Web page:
Another issue that is driving the vaccine apartheid as well as limiting access to lifesaving medications is corporate monopolization of patent information. If other countries had access to that information, they could produce the vaccines and therapeutics themselves. Pressure is being put on the World Trade Organization (WTO) by 40 countries and 200 organizations to exempt COVID-19 medications and vaccines from patent restrictions, called a “TRIPS waiver,” at their meeting next month but the US and other wealthy nations are blocking it. Your organization can sign onto their letter here (deadline is Feb. 24).
The G7 nations met on Friday and agreed to provide a small portion of their vaccines to developing nations. Global Justice Now, one of the organizations pushing for open access to the patents for medicines and vaccines, says the G7 nations’ offer is a ‘fig leaf’ that is inadequate to address the problem: “Promising donations ‘at some point in the future’ fails to tackle the real problem: urgent lack of supply caused by Big Pharma’s patents.”
A stark example of vaccine apartheid is occurring in the Occupied Palestinian Territory where Israel, which has one of the highest vaccination rates in the world, is refusing to give the vaccine to Palestinians. The United States could use its power to pressure Israel to stop this practice, but it isn’t. The United States has been a strong supporter of Israel’s genocidal actions.
The People’s Vaccine Alliance, a group of organizations pressuring the WTO to lift the patents, states that if the situation doesn’t change, “90% of people in poor countries won’t be able to get the vaccine in 2021.” Some countries in Latin America are taking matters into their own hands. Cuba is developing its own vaccine, the Sovereign 2, and plans to produce 100 million doses this year, far more than it needs, so that it can make it available to other countries at no or low cost. Argentina and Mexico are working with Astra Zeneca to start producing its vaccine together. The manufacturing process will begin in Argentina and be finished in Mexico.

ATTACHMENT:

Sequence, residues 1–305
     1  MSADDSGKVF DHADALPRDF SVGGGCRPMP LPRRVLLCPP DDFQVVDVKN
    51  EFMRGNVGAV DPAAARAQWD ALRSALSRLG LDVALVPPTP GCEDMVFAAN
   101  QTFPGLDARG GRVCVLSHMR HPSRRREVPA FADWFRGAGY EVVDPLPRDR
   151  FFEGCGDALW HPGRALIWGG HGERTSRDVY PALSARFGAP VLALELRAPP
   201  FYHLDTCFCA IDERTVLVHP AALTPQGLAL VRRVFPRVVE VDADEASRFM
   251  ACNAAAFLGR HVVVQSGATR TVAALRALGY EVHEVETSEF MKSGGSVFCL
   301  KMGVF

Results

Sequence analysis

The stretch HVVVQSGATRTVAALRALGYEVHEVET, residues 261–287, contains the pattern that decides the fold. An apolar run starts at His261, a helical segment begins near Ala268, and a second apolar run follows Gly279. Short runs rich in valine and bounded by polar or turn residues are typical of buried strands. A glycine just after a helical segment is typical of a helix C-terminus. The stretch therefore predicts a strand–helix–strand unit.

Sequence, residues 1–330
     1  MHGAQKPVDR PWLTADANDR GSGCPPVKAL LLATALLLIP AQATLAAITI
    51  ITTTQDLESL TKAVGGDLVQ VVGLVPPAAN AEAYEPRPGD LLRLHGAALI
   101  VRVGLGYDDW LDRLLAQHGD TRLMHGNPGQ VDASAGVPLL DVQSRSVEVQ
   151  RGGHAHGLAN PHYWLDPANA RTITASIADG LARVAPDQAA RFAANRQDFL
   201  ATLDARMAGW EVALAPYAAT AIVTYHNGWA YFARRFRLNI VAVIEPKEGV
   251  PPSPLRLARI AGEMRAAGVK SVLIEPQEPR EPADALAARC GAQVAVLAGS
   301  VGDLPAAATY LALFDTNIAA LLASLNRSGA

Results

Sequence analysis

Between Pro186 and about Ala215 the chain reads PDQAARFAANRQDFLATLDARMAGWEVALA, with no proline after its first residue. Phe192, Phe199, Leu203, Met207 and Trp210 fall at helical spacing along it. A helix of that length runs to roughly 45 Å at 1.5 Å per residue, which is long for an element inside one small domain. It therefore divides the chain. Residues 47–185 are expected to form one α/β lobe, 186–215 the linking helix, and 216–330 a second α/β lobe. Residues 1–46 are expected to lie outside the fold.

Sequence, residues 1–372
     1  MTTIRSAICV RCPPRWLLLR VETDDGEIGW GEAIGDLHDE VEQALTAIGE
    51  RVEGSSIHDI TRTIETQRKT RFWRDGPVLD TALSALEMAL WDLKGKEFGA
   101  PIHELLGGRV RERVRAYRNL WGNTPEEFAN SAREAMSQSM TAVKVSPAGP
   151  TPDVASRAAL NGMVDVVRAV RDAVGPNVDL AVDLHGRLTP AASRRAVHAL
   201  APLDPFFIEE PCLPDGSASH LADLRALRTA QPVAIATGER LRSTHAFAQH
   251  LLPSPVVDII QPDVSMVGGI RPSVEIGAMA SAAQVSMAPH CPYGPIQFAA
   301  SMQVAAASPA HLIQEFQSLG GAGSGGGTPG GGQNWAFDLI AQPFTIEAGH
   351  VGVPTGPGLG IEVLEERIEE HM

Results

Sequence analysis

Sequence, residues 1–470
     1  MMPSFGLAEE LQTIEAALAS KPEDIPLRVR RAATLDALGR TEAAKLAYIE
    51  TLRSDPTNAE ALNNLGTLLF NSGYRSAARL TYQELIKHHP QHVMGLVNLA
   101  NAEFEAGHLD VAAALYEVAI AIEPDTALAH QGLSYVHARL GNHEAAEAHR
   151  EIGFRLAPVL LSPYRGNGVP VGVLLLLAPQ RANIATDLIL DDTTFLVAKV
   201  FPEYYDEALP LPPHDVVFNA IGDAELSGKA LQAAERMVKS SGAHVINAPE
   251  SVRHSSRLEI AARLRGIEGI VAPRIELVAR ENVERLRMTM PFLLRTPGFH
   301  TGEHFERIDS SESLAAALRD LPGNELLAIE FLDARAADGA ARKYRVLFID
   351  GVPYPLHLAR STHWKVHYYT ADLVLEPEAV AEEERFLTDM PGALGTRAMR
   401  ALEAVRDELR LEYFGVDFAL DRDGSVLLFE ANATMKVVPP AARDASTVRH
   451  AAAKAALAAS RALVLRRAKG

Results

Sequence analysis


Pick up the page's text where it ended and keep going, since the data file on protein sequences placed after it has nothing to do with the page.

The COVID-19 pandemic and global medical apartheid affect all of us. The more the virus is allowed to proliferate, the more likely there is to be mutations, like the ones in the strains coming from the UK and South Africa. The UK strain is more infectious than the original strain and appears to be more lethal. It is widespread in the US now and may cause another surge of cases in the coming weeks or months. The South African strain is also in the US. It is more infectious and seems able to evade the body’s immune system.
If the world does not get the pandemic under control, all of our lives are at risk. It is in our interest to make sure that enough people are vaccinated quickly to stop the spread before new strains arise that are resistant to the vaccines. It is also critical that people who need medications to treat COVID-19 have access to them no matter where they live.
The Biden administration claims to be concerned about racial inequities. If that is the case, it must address these inequities wherever they occur or be called out for failing to do so. The COVID-19 pandemic is an opportunity to transform the world in a way that ends the great inequities that exist.
- Health care must be viewed worldwide as a public good, not a profit-making venture.
- Instead of competition, there must be an open sharing of information to tackle the healthcare crises we face.
- The Global South, which comprises the most vulnerable populations, must be prioritized for access to medications and vaccines so it can resolve the crisis quickly with less impact on its struggling economies.
- And, the United States must end its illegal actions around the world including economic sanctions, military interference and support for major human rights abusers such as Israel.
We in the United States can hasten this transformation by putting pressure on our government to change. This is a way to show solidarity with people around the world who, like us, are struggling for the right to a life of dignity and prosperity. What our government does abroad, it also does at home because we all suffer under the capitalist system. Together, we can create a better world.